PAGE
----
History of Unitarianism
The roots of the Unitarian movement lie principally in the Reformation of the 16th century. At that time, people in many countries across Europe began to claim the right to:
- Read and interpret the Bible for themselves
- Have a direct relationship with God, without the mediation of priest or church
- Set their own conscience against the claims of religious institutions
Some thinkers came to question traditional Christian doctrine and to affirm beliefs of their own such as:
- The unity or uni-personality of God, as opposed to the doctrine of the Trinity – hence the name “Unitarian”
- The humanity, as opposed to the deity, of Christ
- The worth of human beings, as opposed to ideas of original sin, inherited guilt and innate depravity
- The universal salvation of all souls, as opposed to the doctrine that most of humanity is threatened with damnation
The earliest organised Unitarian movements were founded in the 16th century in Poland and Transylvania. ( An account of this period can be found here.) Unitarian ideas spread throughout Europe, winning over such English luminaries as John Milton and Isaac Newton.
In North America, Unitarianism is more than two centuries old, with many of the American founding fathers being Unitarians. Here in Australia, the first congregation was established in Macquarie Street in Sydney in 1850.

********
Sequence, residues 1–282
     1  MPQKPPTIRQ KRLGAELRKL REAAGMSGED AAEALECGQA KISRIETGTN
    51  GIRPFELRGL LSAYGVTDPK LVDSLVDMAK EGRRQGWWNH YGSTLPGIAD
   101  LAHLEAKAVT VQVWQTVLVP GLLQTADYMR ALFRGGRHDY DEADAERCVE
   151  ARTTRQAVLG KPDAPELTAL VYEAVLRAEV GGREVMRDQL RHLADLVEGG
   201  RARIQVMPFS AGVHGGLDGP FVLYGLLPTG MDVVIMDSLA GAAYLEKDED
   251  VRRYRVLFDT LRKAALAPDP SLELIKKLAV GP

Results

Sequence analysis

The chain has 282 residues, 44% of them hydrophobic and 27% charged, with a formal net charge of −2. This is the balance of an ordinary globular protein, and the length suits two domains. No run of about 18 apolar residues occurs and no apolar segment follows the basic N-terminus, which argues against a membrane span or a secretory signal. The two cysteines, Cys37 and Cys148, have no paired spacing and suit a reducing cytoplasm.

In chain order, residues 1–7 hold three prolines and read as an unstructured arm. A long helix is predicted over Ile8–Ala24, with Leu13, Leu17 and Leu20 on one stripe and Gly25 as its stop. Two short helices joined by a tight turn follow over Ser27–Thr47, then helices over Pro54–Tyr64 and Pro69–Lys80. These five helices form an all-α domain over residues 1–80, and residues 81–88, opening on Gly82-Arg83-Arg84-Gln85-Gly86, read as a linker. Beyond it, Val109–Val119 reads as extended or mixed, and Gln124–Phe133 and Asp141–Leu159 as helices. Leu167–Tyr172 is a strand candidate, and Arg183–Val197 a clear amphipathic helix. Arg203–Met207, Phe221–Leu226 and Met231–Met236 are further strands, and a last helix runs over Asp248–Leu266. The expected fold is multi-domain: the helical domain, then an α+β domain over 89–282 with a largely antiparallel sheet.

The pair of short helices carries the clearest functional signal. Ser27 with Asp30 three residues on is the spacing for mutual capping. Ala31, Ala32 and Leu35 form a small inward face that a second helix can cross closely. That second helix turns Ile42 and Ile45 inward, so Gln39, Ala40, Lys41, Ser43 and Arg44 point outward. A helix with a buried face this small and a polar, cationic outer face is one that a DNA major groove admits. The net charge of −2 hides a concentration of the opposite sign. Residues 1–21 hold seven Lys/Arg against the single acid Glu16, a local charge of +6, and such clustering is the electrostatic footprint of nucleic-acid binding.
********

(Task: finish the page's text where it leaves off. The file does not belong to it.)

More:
If you are interested in learning more, our visiting minister, Steve Wilson, was interviewed on ABC radio. you can find a link on our blog to listen to that interview with Rachael Kohn here.
History of Spirit of Life
The Spirit of Life Unitarian Fellowship was established in Kirribilli in February 2005. Although many Unitarian services are lead by a minister in a church, our group is a fellowship in which the service is led by volunteers from the congregation. We feel this brings a variety to our services which reflects the wide range of perspectives of the members of the fellowship. Nonetheless, ministers are available through our fellowship to perform traditional rites of passage, as well as to officiate gay and lesbian blessings and unions.
Over the years, Unitarianism has expanded beyond its Christian roots with many Unitarians embracing aspects of humanism, agnosticism, atheism, theism, Buddhism, liberal Christianity, neo-paganism and earth spiritualism. Experience has shown that a Unitarian congregation can be coherent and of value to its members, even without one common set of theological beliefs.